Joanna and Lindi Barney were getting ready to go to a family Christmas party when they saw on Facebook that a federal judge had ruled Utah’s ban on marriage for same-sex couples unconstitutional. They were wearing shirts from the movie Frozen, their 3-year-old daughter was in her pajamas, and their 5-week-old daughter was asleep, but a friend who is an attorney told them the judge could issue a stay at any time, so they should go immediately.
“We just drove down,” Joanna Barney said. “We didn’t have our makeup on. We just kind of went as we were.”
They arrived at the Salt Lake County building in time to be one of 124 couples married Friday, a county record. The next day, hundreds lined up at the Weber County building hoping to receive marriage licenses, after hearing it would open on a Saturday. In the end though, they were told they would have to wait until Monday.
Utahns with same-sex partners want to get married — not much different than the rest of the state’s population.
Utah is a state with a culture that values marriage, family, and child-rearing — thanks in no small part to the Church of Jesus Christ of Latter-day Saints, headquartered in Salt Lake City. It has the biggest families, the most households headed by married couples, the youngest ages for first marriage, the highest birth rates and the most families where at least one parent stays home with young children in the United States, according to the U.S. Census Bureau.
In a culture that values family like Utah does, many LGBT individuals have the same values. Salt Lake City has the highest percentage of same-sex parents out of any U.S. city with a population of more than one million, according to a study by the Williams Institute at the UCLA School of Law. More than 1 in 4 same-sex couples in the city have children.
“Clearly, here in Salt Lake, I think we have one of the highest gay families per capita,” Barney said. “Most of us come from big families. Those values are instilled in us.”
Both her and her wife were raised in Latter-day Saint families of six and said they’ve wanted a large family of their own.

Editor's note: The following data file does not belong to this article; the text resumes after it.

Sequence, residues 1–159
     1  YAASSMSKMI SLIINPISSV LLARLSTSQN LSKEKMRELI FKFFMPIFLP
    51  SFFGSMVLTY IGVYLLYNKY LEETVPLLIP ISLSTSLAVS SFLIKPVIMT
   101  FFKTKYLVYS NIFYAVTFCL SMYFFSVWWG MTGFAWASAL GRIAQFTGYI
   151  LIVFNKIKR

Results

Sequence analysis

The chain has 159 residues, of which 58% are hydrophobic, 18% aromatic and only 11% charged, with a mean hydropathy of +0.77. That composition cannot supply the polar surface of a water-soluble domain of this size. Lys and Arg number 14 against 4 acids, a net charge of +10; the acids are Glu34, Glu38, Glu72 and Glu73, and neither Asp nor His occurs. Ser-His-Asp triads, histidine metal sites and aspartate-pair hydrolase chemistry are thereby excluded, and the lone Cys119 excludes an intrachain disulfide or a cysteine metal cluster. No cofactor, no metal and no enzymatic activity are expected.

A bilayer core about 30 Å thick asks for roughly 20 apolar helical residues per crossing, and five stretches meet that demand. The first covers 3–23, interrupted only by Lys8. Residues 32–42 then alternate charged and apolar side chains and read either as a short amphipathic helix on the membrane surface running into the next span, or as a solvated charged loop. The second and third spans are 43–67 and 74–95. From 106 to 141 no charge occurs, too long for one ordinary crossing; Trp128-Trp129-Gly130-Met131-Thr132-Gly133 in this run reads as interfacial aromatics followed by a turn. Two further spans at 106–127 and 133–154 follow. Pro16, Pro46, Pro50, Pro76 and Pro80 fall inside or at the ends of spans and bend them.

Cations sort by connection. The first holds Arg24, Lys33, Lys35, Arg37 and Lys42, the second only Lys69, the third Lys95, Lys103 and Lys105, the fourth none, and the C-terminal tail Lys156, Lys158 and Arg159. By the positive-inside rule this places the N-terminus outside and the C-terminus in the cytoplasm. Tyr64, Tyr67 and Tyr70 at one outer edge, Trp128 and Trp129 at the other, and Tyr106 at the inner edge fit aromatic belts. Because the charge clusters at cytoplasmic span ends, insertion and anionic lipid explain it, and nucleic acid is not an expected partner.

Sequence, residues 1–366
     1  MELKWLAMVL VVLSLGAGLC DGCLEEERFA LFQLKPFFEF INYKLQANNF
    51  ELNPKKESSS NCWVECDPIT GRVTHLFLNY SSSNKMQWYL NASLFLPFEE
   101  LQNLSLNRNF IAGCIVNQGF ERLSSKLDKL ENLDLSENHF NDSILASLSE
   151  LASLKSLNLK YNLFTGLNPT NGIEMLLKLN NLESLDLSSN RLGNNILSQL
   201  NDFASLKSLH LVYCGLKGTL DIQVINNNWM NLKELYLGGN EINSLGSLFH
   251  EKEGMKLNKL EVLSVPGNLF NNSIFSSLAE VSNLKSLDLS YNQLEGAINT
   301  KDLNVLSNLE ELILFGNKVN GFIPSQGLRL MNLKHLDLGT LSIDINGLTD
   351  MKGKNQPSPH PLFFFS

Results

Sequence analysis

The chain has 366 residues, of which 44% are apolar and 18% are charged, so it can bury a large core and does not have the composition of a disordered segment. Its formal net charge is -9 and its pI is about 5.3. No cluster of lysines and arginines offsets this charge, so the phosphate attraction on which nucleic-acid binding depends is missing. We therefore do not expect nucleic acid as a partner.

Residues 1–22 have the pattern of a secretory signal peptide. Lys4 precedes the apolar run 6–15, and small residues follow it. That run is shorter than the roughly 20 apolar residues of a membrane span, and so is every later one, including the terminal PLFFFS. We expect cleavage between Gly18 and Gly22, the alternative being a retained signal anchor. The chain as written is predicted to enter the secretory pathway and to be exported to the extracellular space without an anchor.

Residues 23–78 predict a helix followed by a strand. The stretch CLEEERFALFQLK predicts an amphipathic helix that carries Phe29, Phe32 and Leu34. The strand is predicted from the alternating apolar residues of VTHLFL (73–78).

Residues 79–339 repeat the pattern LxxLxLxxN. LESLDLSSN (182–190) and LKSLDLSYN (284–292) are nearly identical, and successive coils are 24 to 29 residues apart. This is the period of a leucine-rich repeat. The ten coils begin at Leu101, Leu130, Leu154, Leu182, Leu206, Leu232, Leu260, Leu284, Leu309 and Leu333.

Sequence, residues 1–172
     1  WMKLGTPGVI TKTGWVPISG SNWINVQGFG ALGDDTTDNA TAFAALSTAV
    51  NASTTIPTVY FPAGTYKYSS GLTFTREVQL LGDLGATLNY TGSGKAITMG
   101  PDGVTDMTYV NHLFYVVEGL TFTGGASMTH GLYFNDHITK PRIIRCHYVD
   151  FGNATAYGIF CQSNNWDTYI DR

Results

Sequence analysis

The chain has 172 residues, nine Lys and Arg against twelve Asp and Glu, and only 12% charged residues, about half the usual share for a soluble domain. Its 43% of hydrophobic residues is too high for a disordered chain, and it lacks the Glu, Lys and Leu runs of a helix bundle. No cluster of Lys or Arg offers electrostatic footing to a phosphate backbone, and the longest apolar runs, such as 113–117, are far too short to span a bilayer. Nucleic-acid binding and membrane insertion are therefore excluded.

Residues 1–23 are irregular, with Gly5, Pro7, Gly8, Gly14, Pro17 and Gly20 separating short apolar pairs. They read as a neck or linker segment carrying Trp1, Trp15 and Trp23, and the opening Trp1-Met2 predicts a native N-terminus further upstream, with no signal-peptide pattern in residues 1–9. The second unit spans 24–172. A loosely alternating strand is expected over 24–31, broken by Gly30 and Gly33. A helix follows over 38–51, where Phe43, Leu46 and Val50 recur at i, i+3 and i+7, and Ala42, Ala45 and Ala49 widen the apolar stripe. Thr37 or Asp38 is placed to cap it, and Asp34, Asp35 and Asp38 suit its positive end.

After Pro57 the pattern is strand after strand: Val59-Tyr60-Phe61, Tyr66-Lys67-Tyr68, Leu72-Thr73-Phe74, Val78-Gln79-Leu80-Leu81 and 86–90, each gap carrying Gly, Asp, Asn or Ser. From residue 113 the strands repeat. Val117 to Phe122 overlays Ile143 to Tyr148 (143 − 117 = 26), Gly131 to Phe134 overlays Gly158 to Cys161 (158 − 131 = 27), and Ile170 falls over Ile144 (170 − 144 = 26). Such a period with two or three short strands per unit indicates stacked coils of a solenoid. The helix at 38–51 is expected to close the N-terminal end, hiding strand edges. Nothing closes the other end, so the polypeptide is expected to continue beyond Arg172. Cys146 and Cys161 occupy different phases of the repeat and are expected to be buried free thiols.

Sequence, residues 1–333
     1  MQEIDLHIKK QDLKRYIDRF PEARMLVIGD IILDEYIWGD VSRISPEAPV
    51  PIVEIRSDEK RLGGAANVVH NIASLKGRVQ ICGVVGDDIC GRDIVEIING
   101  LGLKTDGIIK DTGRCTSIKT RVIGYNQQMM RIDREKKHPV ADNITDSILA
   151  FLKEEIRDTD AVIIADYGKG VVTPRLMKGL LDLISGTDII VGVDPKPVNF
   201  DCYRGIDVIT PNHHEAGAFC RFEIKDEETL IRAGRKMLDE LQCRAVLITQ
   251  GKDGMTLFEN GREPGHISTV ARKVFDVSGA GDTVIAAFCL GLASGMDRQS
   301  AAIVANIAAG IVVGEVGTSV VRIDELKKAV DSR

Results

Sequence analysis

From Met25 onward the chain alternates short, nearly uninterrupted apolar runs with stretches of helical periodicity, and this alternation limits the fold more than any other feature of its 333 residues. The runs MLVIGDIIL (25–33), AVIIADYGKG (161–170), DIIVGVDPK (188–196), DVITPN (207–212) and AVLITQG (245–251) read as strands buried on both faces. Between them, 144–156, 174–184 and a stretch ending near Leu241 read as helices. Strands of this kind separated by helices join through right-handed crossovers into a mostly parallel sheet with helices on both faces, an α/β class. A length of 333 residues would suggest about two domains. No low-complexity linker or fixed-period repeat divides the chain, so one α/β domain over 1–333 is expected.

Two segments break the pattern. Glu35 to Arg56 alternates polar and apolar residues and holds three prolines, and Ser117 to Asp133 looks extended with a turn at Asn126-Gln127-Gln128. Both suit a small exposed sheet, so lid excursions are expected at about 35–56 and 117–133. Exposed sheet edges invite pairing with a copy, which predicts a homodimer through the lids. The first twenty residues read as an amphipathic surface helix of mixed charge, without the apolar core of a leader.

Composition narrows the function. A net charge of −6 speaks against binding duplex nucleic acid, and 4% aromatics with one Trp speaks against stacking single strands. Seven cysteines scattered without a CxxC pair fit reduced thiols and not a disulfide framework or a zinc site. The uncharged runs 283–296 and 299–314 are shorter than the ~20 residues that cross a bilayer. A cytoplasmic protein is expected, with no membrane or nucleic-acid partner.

“There’s probably a lot more families you’ll see down here than other places because that’s our culture and that’s what’s important to us,” she said, noting the large number of children at the Salt Lake County building Friday.
Other regions of the country with traditionally strong conservative and religious populations like the South also have a large number of same-sex parents, more so than cities known for their large gay population like New York City or San Francisco. Although family values play a role in many same-sex couples’ decisions to be parents, another factor is the large number of people who have children from a former marriage.
States with cultures less tolerant to homosexuality create an environment where many gay men and women marry people of the opposite sex and have children. A study conducted by The New York Times suggested that in these states, there was a large population of closeted gay men. In 21 of the 25 states where the No. 1 search term for searches beginning with “Is my husband…” was “gay,” support for marriage equality is lower than the national average. Those who divorce later in life and enter into a same-sex relationship are numbered among same-sex couples with children.
“We have a lot of blended families from previous marriages,” said Alejandro Mora, spokesperson for Equality Utah.
For all same-sex couples with children, marriage equality is more than a symbol; as detailed in court cases challenging bans on same-sex couples’ marriages, it’s crucial to their role as parents. In states where there can only be one legal guardian of a child who has same-sex parents, for example, if the parent who is the guardian dies, that child can be put in foster care.
“One of these parents is a legal stranger to these kids,” Mora said. “Under the state’s current status, you have to be married in order to adopt.”
For Joanna and Lindi Barney, Friday was the realization of their hope for the day they could be married in the state they grew up in and call home.
“You’re legally married in some places, but then you come back to Utah and you’re not,” Joanna Barney said. “We have been waiting for a long time. Our kids have been waiting.”
For other couples — unable to rush to the office on Friday — Monday morning is their next opportunity.
Unsurprisingly in this state, couples are camping out overnight hoping to get married when county clerks’ offices in Salt Lake, Weber, and other counties open and before the judge in the marriage case considers whether to put same-sex couples’ marriages on hold while the state appeals his ruling.
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